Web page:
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A beginner's guide to the 2016 VMworld conference in Las Vegas

Your first conference can be overwhelming, especially if it's one as major as VMworld 2016 -- the key to surviving is creating a solid game plan.

VMworld 2016 is a big conference and if it's your first time at a big conference -- especially one in a city as expansive as Las Vegas -- it can be daunting. Here are a few tips covering a wide range of topics, including everything from choosing which sessions to attend to getting the full Las Vegas experience, to help you make the most out of your first VMworld conference.

Look after yourself

The first and perhaps most essential part of enjoying your VMworld conference experience is making sure you take care of yourself. With sessions running from the early hours of the morning well into the night, spread out over the course of five days, VMworld can be exhausting. That's why it's important to treat it as a marathon rather than a sprint.

Use your time spent standing in line to talk to people around you. I've made quite a few friends just by starting up a conversation while standing in line. You never know when the opportunity to network or learn something new will present itself.

Opportunities to sleep will be few and far between, so I recommend getting a few good nights of sleep in prior to your flight to ensure you arrive rested. As I said before, Las Vegas is expansive, and you'll be doing a great deal of walking, so be sure to pack a comfortable pair of shoes. I'd even go so far as to recommend bringing two, in case you want to alternate. Personally, I opt for a well-worn pair of Dr. Martens with some fresh insoles for extra comfort.

Food and hydration is also crucial. Las Vegas is situated in the desert and the heat can get intense. You can never drink too much water, especially if you're consuming alcohol. The VMworld conference offers a variety of free snacks, from granola bars to fresh fruit. Take advantage of this by stocking up on snacks and keeping them handy in your bag for moments when your energy is flagging.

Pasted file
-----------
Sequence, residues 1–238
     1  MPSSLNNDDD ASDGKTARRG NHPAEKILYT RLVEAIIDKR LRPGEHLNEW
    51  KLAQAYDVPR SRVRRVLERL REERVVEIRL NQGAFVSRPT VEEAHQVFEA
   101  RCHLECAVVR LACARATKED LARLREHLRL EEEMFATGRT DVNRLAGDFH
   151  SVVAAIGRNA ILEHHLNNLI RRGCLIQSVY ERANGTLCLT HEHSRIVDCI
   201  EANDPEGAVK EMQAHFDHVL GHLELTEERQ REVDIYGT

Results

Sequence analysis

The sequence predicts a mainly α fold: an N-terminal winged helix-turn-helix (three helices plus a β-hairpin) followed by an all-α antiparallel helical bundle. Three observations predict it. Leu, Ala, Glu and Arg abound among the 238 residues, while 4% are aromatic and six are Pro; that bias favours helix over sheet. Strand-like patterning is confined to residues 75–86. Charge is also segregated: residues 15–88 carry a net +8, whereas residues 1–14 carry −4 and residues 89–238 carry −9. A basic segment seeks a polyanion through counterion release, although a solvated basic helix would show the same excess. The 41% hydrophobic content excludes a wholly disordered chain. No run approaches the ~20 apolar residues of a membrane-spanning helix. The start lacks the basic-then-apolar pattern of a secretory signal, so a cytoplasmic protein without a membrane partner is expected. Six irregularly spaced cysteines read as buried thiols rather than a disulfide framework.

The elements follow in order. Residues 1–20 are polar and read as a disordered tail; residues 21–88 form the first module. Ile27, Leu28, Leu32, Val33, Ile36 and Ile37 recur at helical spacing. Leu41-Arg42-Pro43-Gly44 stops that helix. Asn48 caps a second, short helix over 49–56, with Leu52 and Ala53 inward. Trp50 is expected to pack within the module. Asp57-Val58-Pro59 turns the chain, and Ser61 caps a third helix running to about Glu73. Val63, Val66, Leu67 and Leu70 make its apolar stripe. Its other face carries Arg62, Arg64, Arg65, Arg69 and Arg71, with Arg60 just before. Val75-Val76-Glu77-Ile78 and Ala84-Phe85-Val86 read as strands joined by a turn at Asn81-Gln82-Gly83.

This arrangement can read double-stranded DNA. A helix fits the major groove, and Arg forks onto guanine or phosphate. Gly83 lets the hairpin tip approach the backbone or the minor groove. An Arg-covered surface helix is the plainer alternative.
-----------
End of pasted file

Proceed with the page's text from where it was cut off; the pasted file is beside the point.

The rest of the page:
Speaking of bags, try to carry the smallest bag you can. The smaller the bag, the less you have to carry, and the less fatigued you'll feel. Ditch your laptop, if you can, in favor of a much lighter phone or tablet. Don't forget to pack a battery pack or cable to keep your electronics charged. It's best to charge up your devices before you leave the hotel in the morning and again before you head out for the evening, but should you run out of juice, there are usually charging stations available at the conference venue.

Make the most out of sessions

It can be tempting to skip out on sessions since they're recorded, but let's be honest here -- you're never going to watch the recordings. It's better to physically attend sessions, but be savvy about which sessions you choose and make sure not to overload your schedule. Certain sessions, like deep dives, are designed for people with two to three years' worth of specialization, while less technical sessions are better suited for beginners or those with a business focus.